Theoretical research at KICP covers a wide range of topics from clusters of galaxies to modifications of Einstein's theory of general relativity. Our research emphasizes connection of theoretical models to observation and experiment, as our major theoretical thrusts are intimately connected with our experimental programs.
The theoretical research activities at KICP are broadly grouped into 3 areas:
1) The Expansion of the Universe -- Today and in its Infancy
KICP theorists are actively investigating the following issues:
- inflationary cosmology (did the very young universe go through a phase of rapid expansion?)
- the origin of the matter/antimatter asymmetry (why is the observable universe dominated by "normal matter" and not anti-matter?)
- dark energy (why is the Universe accelerating and what is the nature of the "dark energy" that is believed to be causing this acceleration?)
- dark matter (what are the dark matter particles and how do they interact?)
- are there alternatives to general relativity that might explain the observed acceleration and account for the dark energy?
2) The Large-Scale Structure of the Universe
The large-scale structure of the Universe provides a laboratory in which KICP theorists can test models for inflation and the dark energy. Structure in the mass distribution of the universe is thought to originate as quantum fluctuations during the inflationary epoch that grow under gravity for most of subsequent expansion history and freeze after the expansion of the Universe started to accelerate. Although the mass distribution is not directly observable, structures manifest themselves in the anisotropy of the CMB, the abundance of galaxy clusters, the clustering of galaxies, and the distortion of astronomical images by gravitational lensing.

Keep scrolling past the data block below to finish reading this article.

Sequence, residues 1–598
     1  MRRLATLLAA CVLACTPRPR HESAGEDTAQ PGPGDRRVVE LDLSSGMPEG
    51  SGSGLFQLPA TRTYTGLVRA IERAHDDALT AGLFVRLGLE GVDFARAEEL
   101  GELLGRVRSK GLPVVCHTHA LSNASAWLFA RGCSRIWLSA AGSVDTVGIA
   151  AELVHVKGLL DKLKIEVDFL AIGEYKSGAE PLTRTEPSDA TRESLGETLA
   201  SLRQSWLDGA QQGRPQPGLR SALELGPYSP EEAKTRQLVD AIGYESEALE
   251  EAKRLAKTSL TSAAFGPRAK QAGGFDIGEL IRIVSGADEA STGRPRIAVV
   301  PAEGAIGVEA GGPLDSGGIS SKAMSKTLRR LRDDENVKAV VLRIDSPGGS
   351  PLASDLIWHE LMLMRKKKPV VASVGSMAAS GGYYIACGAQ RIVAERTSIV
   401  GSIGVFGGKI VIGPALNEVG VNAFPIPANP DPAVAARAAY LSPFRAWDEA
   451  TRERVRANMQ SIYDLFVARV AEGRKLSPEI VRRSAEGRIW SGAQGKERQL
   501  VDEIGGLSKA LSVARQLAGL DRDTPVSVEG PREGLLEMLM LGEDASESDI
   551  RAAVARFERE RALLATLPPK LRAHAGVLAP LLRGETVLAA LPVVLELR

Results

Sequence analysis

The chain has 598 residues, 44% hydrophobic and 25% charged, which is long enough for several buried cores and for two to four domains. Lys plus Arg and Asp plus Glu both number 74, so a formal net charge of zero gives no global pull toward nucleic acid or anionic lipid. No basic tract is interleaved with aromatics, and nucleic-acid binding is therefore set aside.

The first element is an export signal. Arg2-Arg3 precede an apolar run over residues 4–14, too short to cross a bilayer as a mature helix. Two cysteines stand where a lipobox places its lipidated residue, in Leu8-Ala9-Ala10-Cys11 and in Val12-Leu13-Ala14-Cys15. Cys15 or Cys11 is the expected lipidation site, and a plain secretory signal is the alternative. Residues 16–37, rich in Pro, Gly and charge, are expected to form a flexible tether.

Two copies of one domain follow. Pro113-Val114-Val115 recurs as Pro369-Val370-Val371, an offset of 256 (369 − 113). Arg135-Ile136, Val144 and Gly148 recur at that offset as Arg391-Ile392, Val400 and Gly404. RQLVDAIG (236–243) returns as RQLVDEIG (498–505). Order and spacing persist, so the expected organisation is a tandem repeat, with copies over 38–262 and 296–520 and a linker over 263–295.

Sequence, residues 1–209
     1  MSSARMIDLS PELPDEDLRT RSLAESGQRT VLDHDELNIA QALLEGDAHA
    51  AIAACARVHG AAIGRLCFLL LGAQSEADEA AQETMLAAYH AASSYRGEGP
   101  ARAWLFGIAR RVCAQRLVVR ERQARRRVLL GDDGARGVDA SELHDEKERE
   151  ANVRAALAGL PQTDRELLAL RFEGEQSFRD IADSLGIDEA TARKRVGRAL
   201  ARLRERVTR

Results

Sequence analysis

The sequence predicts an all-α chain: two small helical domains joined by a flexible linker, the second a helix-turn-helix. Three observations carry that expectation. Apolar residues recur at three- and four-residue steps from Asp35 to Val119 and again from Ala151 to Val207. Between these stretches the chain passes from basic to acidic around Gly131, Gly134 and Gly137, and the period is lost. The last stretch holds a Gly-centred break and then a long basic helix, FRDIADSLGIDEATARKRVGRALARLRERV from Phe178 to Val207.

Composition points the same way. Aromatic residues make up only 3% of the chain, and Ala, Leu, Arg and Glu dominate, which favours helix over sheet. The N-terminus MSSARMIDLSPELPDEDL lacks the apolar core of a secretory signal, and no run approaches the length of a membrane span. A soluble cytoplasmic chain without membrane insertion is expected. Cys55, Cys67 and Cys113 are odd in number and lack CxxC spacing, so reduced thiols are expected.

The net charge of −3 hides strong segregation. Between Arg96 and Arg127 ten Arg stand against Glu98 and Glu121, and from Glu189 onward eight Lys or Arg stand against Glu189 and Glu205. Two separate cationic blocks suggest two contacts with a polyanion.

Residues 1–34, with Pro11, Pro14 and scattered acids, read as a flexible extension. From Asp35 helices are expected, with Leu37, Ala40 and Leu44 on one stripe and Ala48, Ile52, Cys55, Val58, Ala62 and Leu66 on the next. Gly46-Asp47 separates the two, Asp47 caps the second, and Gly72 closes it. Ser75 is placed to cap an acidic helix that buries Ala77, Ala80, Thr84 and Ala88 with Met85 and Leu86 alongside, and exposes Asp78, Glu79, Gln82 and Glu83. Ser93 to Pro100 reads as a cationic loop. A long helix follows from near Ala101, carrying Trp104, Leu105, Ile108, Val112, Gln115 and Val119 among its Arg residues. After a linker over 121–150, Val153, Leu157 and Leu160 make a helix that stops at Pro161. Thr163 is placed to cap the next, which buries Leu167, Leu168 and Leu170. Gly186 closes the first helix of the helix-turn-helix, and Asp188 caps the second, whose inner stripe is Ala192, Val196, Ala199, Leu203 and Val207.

3) The Formation and Dynamics of Galaxies and Clusters
KICP members study the formation and dynamics of galaxies and clusters. We exploit the potential of the nearby structures to probe the distribution and physics of dark matter and its interaction with baryonic matter in the Universe.
KICP Theorists test predictions of the standard galaxy formation paradigm against observations and build models to explain the observations in ways that are consistent with the theoretical predictions.
The Institutes particle astrophysicists have been studying different strategies for detecting the products of dark matter annihilation in the Galactic halo substructure and in other nearby halos. They are also exploring particle properties beyond the Standard Model through relics produced in the early Universe as well as more recent astrophysical events.